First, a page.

Six OTs. Syracuse 127, Connecticut 117 (6OT). Every once in a while there’s a game where as you’re watching it you just know something amazing is going to happen. Maybe it’s the bounce the players have on the court or the electricity in the air of the crowd. Maybe it’s the way a seven-foot-three giant outhustles a guy half his size for a loose ball on the floor, or the way a shooter comes hard off a curl to drill a 28-footer like it was a floater in the lane. It’s unclear how you know what you know, but you know that you’re witnessing something special, and you’re not alone – everyone in the joint can sense it, and the fans watching from home feel it too. There are only a few games in our personal history that we can remember having that sensation. The Laettner game was one – we realized it when UK started nailing threes all over the place to erase the 12-pt Duke lead in the blink of an eye. The Arizona-Gonzaga second round game in 2003 was another. Tonight’s Syracuse-UConn game was the latest.
Games like this, you don’t just watch. All the senses are engaged. You breathe them. You taste them. Even better, these games breathe you. They inhale the collective emotions and anxieties of everyone in the building, and like a living organism, emit a beautiful poetry of synaptic orgasmica. The final game time was just shy of four hours (an absurd length for a hoops game), but the second half and OTs felt like about fifteen minutes. It’s like nestling up with a loved one or stumbling across your favorite movie on TNT. Time no longer matters. That’s how you know. Our Big East correspondent, Rob Dauster, was live-blogging this game from his Blackberry inside MSG tonight, and reading through his posts is like reading the wild scribblings of a man reaching hoops nirvana (and exhaustion). There was one post that he made that absolutely crystallized this game for everyone tonight – “Every single person is standing in this gym.” Because that’s what it comes down to: the crowd, the players, the gym – all in unison, all making magic happen. For what it’s worth, Rob, every single person at home was standing too.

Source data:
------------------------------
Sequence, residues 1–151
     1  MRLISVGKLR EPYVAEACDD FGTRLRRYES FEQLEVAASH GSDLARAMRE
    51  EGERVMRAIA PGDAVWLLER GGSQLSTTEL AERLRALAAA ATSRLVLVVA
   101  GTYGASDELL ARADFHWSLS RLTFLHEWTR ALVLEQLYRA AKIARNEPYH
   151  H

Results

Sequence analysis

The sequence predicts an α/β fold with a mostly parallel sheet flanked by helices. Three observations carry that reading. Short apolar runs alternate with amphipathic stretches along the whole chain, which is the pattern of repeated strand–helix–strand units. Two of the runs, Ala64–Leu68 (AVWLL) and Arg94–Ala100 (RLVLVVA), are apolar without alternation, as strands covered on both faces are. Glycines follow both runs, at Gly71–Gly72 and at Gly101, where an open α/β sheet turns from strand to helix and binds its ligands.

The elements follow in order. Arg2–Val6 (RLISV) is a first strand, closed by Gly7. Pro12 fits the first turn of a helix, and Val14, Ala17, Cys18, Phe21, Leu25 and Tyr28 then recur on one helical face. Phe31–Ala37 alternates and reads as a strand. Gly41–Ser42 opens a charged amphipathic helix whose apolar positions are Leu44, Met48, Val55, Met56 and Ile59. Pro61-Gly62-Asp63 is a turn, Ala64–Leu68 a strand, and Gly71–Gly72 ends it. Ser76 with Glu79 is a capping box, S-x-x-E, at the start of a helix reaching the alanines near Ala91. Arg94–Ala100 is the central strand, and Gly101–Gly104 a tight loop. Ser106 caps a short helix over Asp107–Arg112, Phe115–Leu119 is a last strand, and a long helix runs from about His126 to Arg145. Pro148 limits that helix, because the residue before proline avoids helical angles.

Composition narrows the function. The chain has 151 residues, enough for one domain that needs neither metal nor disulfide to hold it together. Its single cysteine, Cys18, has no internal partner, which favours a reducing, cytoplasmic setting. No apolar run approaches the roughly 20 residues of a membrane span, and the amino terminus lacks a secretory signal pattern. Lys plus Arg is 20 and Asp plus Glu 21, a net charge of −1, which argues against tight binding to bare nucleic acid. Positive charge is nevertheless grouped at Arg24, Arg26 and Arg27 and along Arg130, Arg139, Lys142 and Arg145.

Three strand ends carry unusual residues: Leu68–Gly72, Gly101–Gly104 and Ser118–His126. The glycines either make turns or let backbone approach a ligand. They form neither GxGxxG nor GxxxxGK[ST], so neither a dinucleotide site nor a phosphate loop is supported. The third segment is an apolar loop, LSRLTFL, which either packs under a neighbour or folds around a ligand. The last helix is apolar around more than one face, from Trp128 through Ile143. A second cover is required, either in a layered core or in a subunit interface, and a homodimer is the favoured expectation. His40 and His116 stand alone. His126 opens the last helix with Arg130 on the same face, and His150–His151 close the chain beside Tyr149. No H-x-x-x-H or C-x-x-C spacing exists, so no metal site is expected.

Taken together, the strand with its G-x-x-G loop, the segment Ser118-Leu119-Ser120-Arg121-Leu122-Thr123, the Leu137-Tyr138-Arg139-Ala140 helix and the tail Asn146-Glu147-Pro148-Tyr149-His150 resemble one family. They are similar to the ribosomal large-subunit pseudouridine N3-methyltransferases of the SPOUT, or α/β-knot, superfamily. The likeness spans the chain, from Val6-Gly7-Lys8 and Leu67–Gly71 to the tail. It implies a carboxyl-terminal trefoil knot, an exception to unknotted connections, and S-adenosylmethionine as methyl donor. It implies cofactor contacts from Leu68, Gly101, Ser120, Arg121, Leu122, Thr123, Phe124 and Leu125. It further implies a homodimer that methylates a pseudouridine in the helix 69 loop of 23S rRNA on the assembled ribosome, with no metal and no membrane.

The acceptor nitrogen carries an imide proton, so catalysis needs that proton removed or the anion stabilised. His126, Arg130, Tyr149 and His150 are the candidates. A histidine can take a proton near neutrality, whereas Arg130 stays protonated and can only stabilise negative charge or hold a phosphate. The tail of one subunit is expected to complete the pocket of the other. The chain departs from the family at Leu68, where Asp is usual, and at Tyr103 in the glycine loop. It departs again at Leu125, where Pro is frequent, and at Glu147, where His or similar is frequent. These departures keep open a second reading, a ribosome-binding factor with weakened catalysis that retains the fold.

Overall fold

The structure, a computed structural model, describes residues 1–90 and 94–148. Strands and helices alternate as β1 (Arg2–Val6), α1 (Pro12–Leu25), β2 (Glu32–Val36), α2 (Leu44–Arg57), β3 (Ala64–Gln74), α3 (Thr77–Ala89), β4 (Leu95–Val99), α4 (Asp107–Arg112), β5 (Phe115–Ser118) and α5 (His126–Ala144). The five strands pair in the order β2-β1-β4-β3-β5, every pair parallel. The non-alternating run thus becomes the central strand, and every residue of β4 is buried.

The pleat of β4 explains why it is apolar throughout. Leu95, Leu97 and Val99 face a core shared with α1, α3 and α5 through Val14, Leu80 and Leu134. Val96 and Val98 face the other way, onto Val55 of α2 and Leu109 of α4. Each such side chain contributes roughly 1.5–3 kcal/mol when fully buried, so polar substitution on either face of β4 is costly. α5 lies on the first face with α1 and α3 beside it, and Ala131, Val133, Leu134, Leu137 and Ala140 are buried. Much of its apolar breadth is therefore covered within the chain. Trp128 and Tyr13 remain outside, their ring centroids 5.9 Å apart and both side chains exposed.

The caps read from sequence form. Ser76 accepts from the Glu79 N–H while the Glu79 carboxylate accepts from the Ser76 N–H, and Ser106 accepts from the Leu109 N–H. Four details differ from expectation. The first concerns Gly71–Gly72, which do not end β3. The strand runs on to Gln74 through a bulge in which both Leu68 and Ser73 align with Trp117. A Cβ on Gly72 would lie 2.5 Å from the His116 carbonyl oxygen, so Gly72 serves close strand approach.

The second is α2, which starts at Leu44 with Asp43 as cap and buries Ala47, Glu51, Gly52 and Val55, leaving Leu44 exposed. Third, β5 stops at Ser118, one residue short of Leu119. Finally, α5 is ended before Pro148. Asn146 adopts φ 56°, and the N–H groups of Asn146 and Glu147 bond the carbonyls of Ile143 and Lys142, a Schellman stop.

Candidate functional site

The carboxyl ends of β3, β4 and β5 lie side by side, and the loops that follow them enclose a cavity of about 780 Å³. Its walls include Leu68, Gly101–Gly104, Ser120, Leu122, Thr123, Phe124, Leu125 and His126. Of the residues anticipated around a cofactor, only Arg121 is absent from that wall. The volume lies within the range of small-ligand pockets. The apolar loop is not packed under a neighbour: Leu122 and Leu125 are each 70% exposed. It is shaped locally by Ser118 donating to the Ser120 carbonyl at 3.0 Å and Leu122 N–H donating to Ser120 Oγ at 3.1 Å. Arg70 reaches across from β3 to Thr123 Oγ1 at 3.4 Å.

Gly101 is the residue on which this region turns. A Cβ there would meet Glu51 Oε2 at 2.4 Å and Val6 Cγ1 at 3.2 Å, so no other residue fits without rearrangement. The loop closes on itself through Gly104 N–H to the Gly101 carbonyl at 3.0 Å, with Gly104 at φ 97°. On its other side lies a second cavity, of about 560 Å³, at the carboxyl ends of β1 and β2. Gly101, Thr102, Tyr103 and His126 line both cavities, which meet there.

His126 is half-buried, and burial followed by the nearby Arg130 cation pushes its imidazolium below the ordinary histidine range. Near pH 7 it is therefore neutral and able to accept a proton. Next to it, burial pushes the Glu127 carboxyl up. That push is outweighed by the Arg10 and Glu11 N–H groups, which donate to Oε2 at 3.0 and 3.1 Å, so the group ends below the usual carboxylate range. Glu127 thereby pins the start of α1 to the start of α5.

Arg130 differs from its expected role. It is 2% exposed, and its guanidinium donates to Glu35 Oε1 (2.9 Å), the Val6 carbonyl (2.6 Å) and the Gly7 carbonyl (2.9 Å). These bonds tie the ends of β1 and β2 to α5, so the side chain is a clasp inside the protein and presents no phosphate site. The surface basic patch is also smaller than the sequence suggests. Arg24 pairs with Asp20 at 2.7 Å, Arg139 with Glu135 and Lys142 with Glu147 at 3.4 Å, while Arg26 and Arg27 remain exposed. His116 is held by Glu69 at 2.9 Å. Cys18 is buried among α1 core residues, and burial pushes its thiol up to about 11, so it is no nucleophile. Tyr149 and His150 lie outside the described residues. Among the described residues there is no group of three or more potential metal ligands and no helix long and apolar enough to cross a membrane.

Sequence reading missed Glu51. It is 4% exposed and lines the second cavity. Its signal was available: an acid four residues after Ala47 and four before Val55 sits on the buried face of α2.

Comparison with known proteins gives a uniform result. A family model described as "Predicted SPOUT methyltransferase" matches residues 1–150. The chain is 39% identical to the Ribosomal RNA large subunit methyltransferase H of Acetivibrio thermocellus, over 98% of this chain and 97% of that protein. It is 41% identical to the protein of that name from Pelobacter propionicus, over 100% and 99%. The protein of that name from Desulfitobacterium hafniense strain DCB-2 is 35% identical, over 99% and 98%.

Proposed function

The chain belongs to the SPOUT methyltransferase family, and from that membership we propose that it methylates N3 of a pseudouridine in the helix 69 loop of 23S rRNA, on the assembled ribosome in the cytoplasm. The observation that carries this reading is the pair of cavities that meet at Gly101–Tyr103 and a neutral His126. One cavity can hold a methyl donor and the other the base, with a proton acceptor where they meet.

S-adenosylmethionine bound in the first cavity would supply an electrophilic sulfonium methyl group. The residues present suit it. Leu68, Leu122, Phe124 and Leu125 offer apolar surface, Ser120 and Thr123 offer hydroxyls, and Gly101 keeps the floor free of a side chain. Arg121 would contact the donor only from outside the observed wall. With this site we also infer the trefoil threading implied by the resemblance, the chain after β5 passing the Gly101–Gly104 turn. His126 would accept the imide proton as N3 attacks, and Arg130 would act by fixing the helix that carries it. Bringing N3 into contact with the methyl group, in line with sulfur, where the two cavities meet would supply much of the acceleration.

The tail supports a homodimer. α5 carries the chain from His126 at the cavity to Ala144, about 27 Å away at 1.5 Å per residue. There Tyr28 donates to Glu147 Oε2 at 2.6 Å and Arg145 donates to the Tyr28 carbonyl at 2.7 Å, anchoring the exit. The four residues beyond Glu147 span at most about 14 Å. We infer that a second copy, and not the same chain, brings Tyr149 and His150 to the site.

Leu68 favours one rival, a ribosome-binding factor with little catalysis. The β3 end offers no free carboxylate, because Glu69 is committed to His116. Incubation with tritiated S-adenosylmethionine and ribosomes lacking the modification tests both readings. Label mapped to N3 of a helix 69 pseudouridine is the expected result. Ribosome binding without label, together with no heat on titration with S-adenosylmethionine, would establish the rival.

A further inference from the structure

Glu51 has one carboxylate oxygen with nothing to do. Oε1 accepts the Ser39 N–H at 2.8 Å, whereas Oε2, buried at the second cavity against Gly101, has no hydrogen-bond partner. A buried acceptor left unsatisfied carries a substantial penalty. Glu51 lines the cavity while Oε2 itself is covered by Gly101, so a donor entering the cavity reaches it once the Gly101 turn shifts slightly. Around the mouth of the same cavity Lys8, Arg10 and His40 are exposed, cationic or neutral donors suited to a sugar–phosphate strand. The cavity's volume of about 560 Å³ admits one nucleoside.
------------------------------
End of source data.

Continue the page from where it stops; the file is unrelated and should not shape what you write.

Now let’s get to the game itself. Obviously, we’ve been saying all year that Syracuse has F4 talent. The problem has been that they haven’t been able to maximize that talent, but the Orange are now showing signs that they’re starting to figure it out. This SU team has a swagger that we haven’t seen since the G-Mac days, but the key difference is that Jonny Flynn, Eric Devendorf, Paul Harris, Arinze Onuaku and Andy Rautins are far more talented than McNamara’s last two teams. We fully expect the Orange to have nothing left in the tank for WVU tomorrow night, but we’d be utterly shocked if this team laid an egg in next week’s NCAAs. The Cuse plays hard, and we just have a sneaky suspicion this year that they’re going to make some noise in this year’s Tourney (Flynn’s Charles Smith impression notwithstanding).
As for UConn, they had three possessions in the first five OTs to win the game, and each time they dribbled the ball around and forced up some horrible shot. Even the play that gave them the tie to send it to OT before Devendorf’s absurd three at the end of regulation was off of a broken play. This is indicative of the same problem that has plagued this group of Huskies since they got to Storrs – they’re just not clutch. Here we are discussing a group of juniors that spent several weeks at #1 this year, and they’ve yet to win a postseason game. Not one! Husky fans are going to get angry at us and declare that they were able to win some meaningless game against Gonzaga or whoever during the regular season… but they’re UConn, an elite program, and they should know better than that. Legacies are built in March (that’s how Calhoun built his), and this group of players remains suspect until they prove once and for all that they can play championship level basketball in tournament formats. We’re still waiting on it.